wo, denote its output vector as uwo . The negative sampling loss function in this case is
Jneg?sample(wi; ^r;uwi ;uw1:::K ) = ?log((uw
i ^r)) ?
XK
k=1
log((?uw
k ^r))
where () is the sigmoid function.
After you’ve done this, describe with one sentence why this cost function is much more ecient to
compute than the softmax-CE loss (you could provide a speed-up ratio, i.e. the runtime of the softmax-
CE loss divided by the runtime of the negative sampling loss).
Note: the cost function here is the negative of what Mikolov et al had in their original paper, because we
are doing a minimization instead of maximization in our code.
(d) (8 points) Derive gradients for all of the word vectors for skip-gram and CBOW given the previous parts
and given a set of context words [wordi?C; : : : ;wordi?1;wordi;wordi+1; : : : ;wordi+C], where C is the
context size. Denote the \input” and \output” word vectors for wordk as vwk and uwk respectively.
Hint: feel free to use F(wo; ^r) (where wo is the expected word) as a placeholder for the Jsoftmax?CE(wo; ^r; :::)
or Jneg?sample(wo; ^r; :::) cost functions in this part | you’ll see that this is a useful abstraction for the
coding part. That is, your solution may contain terms of the form @F(wo;^r)
@::: .
Recall that for skip-gram, the cost for a context is
Jskip-gram(wordi?C:::i+C) =
X
?CjC;j6=0
F(wi+j ; vwi )
For (a simpler variant of) CBOW, we sum up the input word vectors in the context
^r =
X
?CjC;j6=0
vwi+j
then the CBOW cost is
JCBOW(wordi?C:::i+C) = F(wi; ^r)
(e) (12 points) In this part you will implement the word2vec models and train your own word vectors
with stochastic gradient descent (SGD). First, write a helper function to normalize rows of a matrix in
q3 word2vec.py. In the same le, ll in the implementation for the softmax and negative sampling cost
and gradient functions. Then, ll in the implementation of the cost and gradient functions for the skip-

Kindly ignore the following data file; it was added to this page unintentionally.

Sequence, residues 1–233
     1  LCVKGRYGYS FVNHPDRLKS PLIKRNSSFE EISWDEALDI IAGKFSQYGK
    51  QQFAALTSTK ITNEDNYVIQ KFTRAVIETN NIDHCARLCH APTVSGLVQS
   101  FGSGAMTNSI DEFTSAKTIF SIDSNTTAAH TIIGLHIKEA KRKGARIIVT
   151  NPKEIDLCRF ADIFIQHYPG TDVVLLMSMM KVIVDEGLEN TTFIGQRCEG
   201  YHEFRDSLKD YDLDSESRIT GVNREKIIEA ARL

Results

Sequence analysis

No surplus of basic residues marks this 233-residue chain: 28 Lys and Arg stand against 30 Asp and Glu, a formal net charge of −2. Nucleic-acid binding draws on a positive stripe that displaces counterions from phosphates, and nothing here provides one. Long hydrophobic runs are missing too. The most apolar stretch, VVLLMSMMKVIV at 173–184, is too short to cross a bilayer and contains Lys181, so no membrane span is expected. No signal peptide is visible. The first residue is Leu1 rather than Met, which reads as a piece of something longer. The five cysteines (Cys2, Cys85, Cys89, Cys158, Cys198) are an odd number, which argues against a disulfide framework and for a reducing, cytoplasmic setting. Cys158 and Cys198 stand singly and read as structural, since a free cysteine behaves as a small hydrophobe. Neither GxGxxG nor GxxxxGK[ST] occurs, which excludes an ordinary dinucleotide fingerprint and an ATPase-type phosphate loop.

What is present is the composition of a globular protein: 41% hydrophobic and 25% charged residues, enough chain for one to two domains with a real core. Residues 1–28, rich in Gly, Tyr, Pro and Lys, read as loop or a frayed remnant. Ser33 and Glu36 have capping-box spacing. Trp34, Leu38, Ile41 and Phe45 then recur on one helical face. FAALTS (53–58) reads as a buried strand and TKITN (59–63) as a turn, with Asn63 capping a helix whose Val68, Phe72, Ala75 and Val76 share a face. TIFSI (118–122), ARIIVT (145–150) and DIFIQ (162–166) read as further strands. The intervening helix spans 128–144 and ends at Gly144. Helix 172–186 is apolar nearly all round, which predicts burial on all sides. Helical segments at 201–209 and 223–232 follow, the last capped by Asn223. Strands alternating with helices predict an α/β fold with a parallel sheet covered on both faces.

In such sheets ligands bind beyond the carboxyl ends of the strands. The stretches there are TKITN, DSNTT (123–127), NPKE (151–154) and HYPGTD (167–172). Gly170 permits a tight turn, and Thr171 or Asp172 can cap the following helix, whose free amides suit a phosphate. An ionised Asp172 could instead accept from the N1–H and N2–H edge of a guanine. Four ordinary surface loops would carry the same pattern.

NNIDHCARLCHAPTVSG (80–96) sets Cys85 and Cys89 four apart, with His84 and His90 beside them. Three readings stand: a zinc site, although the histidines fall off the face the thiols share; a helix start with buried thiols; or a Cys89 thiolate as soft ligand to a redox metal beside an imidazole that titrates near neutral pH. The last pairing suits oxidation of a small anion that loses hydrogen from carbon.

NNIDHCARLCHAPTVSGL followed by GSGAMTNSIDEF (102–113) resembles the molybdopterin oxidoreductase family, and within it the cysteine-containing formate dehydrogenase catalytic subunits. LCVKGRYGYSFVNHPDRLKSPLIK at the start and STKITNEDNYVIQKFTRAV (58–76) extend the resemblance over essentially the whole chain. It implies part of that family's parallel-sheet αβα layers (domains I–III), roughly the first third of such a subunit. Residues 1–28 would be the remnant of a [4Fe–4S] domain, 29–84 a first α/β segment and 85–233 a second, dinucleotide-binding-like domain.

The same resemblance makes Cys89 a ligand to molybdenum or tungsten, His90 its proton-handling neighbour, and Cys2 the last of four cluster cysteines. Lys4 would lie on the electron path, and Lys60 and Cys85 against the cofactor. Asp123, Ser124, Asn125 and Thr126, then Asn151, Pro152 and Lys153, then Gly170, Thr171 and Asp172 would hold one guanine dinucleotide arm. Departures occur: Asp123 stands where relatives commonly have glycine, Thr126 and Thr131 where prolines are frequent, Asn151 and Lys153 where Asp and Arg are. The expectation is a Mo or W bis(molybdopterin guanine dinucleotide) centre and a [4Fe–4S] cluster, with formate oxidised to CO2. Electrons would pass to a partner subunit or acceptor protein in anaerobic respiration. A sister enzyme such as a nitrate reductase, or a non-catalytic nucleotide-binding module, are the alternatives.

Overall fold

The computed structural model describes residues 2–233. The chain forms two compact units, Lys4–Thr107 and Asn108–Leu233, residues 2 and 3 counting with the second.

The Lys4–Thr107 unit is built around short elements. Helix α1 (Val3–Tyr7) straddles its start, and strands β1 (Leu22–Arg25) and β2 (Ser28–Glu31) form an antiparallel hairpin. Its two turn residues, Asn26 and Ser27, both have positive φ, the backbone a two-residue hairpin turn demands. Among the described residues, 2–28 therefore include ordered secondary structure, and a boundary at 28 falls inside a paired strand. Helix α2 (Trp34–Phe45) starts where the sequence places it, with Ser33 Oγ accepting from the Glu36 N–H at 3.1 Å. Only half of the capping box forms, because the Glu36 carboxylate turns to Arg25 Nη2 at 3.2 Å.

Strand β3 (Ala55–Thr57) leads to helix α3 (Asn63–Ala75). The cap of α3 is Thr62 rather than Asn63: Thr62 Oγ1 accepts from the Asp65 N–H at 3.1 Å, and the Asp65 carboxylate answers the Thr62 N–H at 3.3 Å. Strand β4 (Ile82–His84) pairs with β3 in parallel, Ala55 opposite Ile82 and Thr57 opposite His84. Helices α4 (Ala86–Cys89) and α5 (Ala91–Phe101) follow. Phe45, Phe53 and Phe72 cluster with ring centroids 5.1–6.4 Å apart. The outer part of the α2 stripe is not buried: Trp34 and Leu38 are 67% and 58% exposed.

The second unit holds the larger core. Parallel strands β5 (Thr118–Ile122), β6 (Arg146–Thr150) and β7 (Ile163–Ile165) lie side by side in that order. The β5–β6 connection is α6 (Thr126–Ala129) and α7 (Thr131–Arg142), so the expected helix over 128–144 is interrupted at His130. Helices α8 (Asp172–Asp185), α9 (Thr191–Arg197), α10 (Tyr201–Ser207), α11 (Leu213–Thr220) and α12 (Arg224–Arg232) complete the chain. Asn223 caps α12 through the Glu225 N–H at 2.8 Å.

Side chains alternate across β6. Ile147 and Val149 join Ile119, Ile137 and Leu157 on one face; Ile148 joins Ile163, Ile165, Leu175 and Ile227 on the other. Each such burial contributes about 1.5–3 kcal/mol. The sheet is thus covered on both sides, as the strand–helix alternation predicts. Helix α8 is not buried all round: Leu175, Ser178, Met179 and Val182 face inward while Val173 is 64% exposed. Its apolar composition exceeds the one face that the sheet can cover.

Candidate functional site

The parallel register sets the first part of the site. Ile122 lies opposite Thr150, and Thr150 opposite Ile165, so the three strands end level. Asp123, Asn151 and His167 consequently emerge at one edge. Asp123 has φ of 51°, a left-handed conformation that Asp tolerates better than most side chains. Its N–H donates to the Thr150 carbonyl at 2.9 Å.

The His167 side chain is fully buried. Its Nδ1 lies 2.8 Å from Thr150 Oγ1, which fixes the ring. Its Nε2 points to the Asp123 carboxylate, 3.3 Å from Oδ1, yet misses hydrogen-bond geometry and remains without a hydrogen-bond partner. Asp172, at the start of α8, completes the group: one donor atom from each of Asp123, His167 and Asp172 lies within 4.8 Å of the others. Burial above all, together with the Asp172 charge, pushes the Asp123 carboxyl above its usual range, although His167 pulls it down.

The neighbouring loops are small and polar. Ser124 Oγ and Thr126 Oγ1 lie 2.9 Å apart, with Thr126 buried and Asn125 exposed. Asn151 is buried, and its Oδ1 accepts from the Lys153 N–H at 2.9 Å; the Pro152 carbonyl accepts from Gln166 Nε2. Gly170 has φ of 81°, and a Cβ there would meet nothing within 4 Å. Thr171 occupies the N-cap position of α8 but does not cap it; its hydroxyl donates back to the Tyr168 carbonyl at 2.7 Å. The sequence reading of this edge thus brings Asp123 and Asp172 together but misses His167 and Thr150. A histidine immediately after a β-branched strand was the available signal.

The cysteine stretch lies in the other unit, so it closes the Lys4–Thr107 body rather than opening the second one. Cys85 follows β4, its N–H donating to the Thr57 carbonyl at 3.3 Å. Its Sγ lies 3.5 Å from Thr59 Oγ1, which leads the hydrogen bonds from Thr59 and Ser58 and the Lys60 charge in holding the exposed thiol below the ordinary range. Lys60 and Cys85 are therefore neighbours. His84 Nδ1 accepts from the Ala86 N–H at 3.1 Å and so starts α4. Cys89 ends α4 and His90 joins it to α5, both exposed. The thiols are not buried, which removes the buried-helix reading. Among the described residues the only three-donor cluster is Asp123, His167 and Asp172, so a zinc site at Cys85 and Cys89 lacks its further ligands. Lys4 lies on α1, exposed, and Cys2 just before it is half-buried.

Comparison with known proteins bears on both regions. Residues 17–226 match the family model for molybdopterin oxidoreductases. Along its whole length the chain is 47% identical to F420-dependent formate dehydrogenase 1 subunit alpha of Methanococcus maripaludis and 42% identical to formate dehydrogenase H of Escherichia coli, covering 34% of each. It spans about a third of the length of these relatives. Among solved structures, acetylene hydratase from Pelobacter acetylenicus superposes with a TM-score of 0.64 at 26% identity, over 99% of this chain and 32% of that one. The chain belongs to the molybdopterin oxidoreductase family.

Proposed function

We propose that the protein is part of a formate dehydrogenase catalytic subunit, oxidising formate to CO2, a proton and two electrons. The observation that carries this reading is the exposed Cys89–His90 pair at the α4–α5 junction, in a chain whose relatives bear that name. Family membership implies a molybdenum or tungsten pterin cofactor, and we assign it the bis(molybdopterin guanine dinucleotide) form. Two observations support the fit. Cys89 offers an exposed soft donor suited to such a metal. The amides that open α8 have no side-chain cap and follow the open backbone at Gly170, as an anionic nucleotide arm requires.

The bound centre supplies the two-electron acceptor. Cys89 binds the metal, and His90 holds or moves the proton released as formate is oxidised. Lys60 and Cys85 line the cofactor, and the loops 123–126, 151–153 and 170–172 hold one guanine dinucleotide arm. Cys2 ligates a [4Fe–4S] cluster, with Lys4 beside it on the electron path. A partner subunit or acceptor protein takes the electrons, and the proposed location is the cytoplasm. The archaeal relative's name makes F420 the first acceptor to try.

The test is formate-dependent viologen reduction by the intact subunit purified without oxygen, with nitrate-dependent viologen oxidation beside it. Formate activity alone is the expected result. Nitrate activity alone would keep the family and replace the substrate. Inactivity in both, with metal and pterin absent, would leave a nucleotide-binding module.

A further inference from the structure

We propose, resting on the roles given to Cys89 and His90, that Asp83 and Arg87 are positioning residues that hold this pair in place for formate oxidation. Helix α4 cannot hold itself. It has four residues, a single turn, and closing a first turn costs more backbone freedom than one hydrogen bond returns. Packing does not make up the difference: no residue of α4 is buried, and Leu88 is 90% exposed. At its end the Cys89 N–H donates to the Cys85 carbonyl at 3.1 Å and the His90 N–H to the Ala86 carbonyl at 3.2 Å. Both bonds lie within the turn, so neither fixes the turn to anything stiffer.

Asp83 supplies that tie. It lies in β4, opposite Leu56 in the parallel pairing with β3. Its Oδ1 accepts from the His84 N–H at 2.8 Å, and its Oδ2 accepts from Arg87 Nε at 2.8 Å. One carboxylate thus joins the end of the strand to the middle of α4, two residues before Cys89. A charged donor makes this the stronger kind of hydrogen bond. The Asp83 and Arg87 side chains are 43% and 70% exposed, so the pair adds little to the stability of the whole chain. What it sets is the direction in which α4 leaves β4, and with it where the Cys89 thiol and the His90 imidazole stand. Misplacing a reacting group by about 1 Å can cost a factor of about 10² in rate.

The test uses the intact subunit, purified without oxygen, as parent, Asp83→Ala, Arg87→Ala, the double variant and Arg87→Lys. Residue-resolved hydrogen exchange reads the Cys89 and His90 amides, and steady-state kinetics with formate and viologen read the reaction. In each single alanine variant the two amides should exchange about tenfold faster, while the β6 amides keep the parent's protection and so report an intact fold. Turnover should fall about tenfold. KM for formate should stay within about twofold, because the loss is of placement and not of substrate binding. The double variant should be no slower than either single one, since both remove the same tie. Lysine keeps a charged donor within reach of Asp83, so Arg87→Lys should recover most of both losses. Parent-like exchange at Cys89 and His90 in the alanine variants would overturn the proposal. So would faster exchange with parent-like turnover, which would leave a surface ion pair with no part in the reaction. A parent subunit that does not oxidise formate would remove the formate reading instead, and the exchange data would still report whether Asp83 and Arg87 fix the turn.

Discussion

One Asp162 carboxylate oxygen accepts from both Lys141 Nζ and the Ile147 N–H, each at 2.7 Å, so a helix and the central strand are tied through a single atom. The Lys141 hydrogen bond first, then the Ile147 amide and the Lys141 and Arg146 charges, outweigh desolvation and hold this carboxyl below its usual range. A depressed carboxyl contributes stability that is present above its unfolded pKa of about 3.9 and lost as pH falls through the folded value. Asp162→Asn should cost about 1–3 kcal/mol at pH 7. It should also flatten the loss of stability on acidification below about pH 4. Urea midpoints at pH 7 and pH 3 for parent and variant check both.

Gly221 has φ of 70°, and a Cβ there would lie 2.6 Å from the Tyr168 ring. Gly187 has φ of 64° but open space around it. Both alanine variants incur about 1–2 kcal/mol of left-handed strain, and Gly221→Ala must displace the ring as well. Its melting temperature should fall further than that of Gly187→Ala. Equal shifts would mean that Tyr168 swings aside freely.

gram model. When you are done, test your implementation by running python q3 word2vec.py.
Note: If you choose not to implement CBOW (part h), simply remove the NotImplementedError so that
(f) (4 points) Complete the implementation for your SGD optimizer in q3 sgd.py. Test your implemen-
tation by running python q3 sgd.py.
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CS 224d: Assignment #1
(g) (4 points) Show time! Now we are going to load some real data and train word vectors with everything
you just implemented! We are going to use the Stanford Sentiment Treebank (SST) dataset to train
word vectors, and later apply them to a simple sentiment analysis task. There is no additional code to
write for this part; just run python q3 run.py.
Note: The training process may take a long time depending on the eciency of your implementation
(an ecient implementation takes approximately an hour). Plan accordingly!
When the script nishes, a visualization for your word vectors will appear. It will also be saved as
q3 word vectors.png in your project directory. Include the plot in your homework write up.
Brie y explain in at most three sentences what you see in the plot.
(h) Extra credit (5 points) Implement the CBOW model in q3 word2vec.py. Note: This part is optional
but the gradient derivations for CBOW in part (d) are not!.
4 Sentiment Analysis (20 points)
Now, with the word vectors you trained, we are going to perform a simple sentiment analysis. For each
sentence in the Stanford Sentiment Treebank dataset, we are going to use the of all the word vectors in that
sentence as its feature, and try to predict the sentiment level of the said sentence. The sentiment level of
the phrases are represented as real values in the original dataset, here we’ll just use ve classes:
\very negative”, \negative”, \neutral”, \positive”, \very positive”
which are represented by 0 to 4 in the code, respectively. For this part, you will learn to train a softmax
regressor with SGD, and perform train/dev validation to improve generalization of your regressor.
(a) (10 points) Implement a sentence featurizer and softmax regression. Fill in the implementation in
q4 softmaxreg.py. Sanity check your implementation with python q4 softmaxreg.py.
(b) (2 points) Explain in fewer than three sentences why we want to introduce regularization when doing
classi cation (in fact, most machine learning tasks).
(c) (4 points) Fill in the hyperparameter selection code in q4 sentiment.py to search for the \optimal”
regularization parameter. What value did you select? Report your train, dev, and test ac-
curacies. Justify your hyperparameter search methodology in at most one sentence. Note:
you should be able to attain at least 30% accuracy on dev.
(d) (4 points) Plot the classi cation accuracy on the train and dev set with respect to the regularization
value, using a logarithmic scale on the x-axis. This should have been done automatically. Include
q4 reg acc.png in your homework write up. Brie y explain in at most three sentences what you
see in the plot.